Employers who refuse to hire job applicants who opposed discrimination in a prior job may be sued for retaliation under the Washington Law Against Discrimination (WLAD), the Washington Supreme Court has held in a unanimous decision. Zhu v. North Central Educ. Servs. – ESD 171, No. 94209-9 (Nov. 9, 2017). The Court ruled that WLAD creates a cause of action for job applicants who claim a prospective employer refused to hire them in retaliation for prior opposition to discrimination against a different employer.
The Court was asked to decide the following certified question: “Does RCW 49.60.210(1) [of the WLAD] create a cause of action for job applicants who claim a prospective employer refused to hire them in retaliation for prior opposition to discrimination against a different employer?” In a first-of-its-kind case, the Court held that based on the plain language, purpose, and structure of WLAD as a whole, the answer is “yes.”
RCW 49.60.210(1) provides that it is an actionable unfair practice for “any employer … to discharge, expel, or otherwise discrimination against any person because he or she has opposed any practices forbidden by this chapter.” Any employer includes prospective employers who do not have an established employment relationship with the job applicant.
The plaintiff, Jin Zhu, was a math teacher at the Waterville School District. In 2010, he sued the Waterville School District for race discrimination, hostile work environment, and retaliation when Waterville allegedly took retaliatory action against him for filing his grievances, including attempting to discharge him without probable cause, instead of attempting to remedy the discrimination. The parties settled the case in 2012 and, as part of the settlement, Zhu resigned from his job.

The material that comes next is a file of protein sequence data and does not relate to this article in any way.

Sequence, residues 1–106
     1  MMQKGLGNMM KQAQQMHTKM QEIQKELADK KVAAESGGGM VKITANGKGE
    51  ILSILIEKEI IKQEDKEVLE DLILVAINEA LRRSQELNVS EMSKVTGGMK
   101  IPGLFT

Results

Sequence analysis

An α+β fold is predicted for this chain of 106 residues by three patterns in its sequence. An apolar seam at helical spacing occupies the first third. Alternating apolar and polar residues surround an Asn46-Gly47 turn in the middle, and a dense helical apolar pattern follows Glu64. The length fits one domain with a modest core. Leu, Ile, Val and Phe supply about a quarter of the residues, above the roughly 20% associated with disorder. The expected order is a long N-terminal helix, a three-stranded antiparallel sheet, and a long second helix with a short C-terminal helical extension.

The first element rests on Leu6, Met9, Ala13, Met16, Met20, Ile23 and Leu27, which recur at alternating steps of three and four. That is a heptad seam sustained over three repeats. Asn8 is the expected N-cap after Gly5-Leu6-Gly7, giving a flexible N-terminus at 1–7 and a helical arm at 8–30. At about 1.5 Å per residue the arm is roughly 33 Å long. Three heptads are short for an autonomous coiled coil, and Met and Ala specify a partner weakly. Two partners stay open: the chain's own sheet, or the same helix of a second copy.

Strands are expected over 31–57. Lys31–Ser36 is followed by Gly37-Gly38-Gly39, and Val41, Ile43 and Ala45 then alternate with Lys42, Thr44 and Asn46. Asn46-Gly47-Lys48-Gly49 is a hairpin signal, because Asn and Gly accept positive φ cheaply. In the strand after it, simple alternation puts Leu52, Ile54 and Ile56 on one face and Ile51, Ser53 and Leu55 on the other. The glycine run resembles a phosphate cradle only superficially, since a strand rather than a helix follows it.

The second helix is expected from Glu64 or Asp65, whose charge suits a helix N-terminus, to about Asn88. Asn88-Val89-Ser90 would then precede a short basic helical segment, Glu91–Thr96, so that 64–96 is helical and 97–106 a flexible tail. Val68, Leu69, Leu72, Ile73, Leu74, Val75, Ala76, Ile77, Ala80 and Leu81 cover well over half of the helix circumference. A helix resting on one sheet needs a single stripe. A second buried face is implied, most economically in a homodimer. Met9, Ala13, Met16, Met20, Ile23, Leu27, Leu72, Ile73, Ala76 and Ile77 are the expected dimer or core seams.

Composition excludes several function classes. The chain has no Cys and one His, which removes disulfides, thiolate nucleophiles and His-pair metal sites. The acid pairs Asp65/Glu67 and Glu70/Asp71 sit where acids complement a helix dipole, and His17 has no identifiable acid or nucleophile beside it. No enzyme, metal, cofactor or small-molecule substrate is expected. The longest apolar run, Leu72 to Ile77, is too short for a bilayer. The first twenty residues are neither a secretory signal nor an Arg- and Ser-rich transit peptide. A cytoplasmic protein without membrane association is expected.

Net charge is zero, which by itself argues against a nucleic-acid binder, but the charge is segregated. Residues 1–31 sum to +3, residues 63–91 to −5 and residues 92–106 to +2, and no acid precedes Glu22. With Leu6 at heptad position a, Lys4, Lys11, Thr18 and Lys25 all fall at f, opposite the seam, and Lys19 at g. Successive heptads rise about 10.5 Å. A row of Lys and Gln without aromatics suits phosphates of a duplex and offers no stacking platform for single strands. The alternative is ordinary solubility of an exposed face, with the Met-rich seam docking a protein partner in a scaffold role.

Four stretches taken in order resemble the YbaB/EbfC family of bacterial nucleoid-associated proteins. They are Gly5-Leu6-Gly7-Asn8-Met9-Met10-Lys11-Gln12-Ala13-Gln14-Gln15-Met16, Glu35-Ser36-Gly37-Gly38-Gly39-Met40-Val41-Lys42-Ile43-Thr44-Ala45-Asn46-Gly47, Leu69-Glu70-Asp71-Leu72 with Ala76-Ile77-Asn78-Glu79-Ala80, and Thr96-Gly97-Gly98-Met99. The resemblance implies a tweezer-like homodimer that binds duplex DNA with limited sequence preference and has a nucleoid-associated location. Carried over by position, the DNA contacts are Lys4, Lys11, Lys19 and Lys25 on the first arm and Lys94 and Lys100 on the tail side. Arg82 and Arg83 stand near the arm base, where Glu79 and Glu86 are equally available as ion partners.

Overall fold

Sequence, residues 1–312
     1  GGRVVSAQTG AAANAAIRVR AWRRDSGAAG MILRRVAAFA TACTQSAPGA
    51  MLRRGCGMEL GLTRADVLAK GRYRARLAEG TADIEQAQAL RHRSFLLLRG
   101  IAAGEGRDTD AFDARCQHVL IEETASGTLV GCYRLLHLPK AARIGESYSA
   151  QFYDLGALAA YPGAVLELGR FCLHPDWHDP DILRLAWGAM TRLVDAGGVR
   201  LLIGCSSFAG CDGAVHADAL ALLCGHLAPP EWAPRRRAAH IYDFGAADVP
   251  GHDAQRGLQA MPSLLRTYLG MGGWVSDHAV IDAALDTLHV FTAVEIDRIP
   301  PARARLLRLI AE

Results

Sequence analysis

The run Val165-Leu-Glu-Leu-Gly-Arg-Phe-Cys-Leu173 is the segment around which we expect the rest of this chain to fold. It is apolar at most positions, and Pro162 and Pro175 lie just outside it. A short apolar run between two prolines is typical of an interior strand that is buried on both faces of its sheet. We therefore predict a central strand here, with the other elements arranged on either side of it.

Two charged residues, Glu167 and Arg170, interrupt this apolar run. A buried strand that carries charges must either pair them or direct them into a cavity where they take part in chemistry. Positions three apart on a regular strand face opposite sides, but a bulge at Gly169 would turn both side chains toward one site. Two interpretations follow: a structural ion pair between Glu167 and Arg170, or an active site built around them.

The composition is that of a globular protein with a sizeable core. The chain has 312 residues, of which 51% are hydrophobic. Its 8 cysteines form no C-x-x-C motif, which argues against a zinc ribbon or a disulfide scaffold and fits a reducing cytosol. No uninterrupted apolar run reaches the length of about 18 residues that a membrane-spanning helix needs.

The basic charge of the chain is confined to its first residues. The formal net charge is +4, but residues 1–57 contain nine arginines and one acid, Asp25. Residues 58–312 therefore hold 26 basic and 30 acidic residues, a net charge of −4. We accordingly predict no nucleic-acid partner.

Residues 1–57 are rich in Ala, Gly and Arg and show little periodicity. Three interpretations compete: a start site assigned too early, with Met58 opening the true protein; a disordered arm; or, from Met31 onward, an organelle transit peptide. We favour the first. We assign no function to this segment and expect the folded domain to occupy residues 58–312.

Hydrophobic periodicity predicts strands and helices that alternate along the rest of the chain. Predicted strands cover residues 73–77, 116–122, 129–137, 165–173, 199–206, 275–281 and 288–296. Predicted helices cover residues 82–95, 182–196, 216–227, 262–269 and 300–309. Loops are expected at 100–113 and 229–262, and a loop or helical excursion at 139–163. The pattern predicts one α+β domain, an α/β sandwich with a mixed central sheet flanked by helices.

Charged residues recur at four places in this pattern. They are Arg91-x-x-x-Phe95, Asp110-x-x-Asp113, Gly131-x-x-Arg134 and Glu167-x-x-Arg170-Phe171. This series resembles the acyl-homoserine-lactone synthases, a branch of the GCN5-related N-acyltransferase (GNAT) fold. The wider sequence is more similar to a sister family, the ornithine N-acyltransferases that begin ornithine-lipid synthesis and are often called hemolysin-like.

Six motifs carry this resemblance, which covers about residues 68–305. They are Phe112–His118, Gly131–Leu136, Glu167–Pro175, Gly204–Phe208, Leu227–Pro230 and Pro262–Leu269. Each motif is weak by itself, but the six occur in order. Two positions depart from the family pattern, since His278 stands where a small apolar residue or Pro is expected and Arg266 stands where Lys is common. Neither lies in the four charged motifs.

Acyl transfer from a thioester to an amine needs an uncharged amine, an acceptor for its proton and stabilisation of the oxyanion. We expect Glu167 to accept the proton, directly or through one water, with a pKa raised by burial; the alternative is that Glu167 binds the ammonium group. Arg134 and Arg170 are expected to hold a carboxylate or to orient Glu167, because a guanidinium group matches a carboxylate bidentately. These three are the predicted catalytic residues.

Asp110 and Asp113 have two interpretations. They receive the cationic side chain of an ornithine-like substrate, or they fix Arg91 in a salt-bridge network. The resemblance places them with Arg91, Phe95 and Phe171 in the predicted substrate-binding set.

Subsequently, Zhu applied for a position with North Central Educational Services District No. 171 (ESD). ESD provides cooperative and informational services to local school districts, including Waterville School District. It was undisputed that members of ESD’s hiring committee were aware of Zhu’s suit against Waterville School District. Zhu was not hired.
Zhu sued ESD in federal court alleging, among other things, unlawful retaliation under the WLAD in refusing to hire him because of his prior claim against the Waterville School District. The court denied ESD’s request for summary judgment.
A jury agreed with Zhu, finding he was locked out of jobs with ESD and its member school districts, and ordered ESD to pay Zhu $450,000. ESD then moved for judgment as a matter of law or for a new trial or, in the alternative, that the federal court certify to the Washington Supreme Court the question of RCW 49.60.210(1)’s scope.
Expanding WLAD’s reach, the Washington Supreme Court held that, by its plain language and purpose, RCW 49.60.210(1) applies to prospective, as well as current, employers. It explained that an “employer” for purposes of WLAD is broadly defined as “any person acting in the interest of an employer, directly or indirectly, who employs eight or more persons, and does not include any religious or sectarian organization not organized for profit.”
The Court rejected the argument that the law does not authorize claims against prospective employers where there has been no existing employment relationship. It reasoned that if the statute applied only to current employers, employees “might well be dissuaded from opposing discriminatory practices for fear of being unofficially ‘blacklisted’ by prospective future employers.”
The Court noted that by “rendering a verdict in Zhu’s favor, the jury has already decided as a question of fact that ESD refused to hire Zhu because of his opposition to Waterville’s discriminatory practice.” Because Zhu is the prevailing party, the Court granted his request for reasonable attorney’s fees.
Employers should work with employment counsel to lower the risk of WLAD claims. Less than a month before Zhu, in another employment case brought under WLAD, the Washington Supreme Court reaffirmed that summary judgment should rarely be granted in WLAD cases. Mikkelsen v. Public Utility Dist. No. 1 of Kittitas Cty, No. 93731-1 (Oct. 19, 2017).